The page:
The upper part of the walls are festooned with cloth signs proclaiming pilot's first solo flights. Not sure if the cloth comes from t-shirts or what, but they had that ambience to them.

There was a flying map of the U.S. on the wall, which marks out (I believe) typical city-to-city flight paths and restricted air space (more on that a little later).

And because there is, in fact, only so much time one can spend in the ready room, I eventually wandered the hangar area to take pictures of airplanes that interested me. One plane I spotted was this gray U.S. Army scout plane.

I found this sporty little model that looked like a UFO with its bubble canopy. No idea who makes it, but it looks very fun to fly.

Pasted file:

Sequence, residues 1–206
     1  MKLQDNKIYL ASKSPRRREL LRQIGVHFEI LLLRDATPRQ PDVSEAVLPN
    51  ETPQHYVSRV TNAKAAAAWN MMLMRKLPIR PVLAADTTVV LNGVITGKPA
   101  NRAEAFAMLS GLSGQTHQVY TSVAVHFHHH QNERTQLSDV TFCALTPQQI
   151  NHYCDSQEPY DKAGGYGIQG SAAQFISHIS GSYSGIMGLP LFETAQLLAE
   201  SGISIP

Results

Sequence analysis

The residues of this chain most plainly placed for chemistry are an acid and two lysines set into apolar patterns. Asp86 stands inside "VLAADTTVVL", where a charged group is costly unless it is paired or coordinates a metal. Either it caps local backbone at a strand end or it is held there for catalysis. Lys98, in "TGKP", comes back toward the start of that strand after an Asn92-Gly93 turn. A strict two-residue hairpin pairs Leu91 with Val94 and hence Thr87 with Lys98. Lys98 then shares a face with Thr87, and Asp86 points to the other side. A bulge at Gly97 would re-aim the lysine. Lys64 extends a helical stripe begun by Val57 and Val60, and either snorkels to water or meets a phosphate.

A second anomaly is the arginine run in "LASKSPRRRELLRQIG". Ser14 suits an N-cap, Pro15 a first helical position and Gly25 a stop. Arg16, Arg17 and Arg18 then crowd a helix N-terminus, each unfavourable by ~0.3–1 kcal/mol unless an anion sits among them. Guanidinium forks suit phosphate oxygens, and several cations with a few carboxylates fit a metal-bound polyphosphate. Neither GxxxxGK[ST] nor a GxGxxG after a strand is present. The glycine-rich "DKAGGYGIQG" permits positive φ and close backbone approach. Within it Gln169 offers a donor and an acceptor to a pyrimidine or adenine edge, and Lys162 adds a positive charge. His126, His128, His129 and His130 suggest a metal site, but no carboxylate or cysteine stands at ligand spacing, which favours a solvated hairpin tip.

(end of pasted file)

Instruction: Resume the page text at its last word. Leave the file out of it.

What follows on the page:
The yellow biplane below is made of composites but has a design based on the Beechcraft 17 Staggerwing. It's one of only five in the country. I saw a couple of these at an air show at Andrews Air Force Base a few years ago. Pretty aircraft. Nine-cylinder engine, 450 horsepower, seats for 6, but more comfortably seats 4.
This sporty little red monoplane is a kit aircraft built by Van called the RV-3. I chatted with the owner, David E., for awhile, getting myself less stupid about private aircraft flying vs. commercial flying (which is all I've done). The RV-3 has a four-cylinder Lycoming engine capable of pushing the plane to 190 miles per hour and an altitude of 10,000 to 12,000 feet. Edgewood manages to get about 100 hours per year in her, and seems to enjoy the experience just for flying's sake. He doesn't use it for travel much.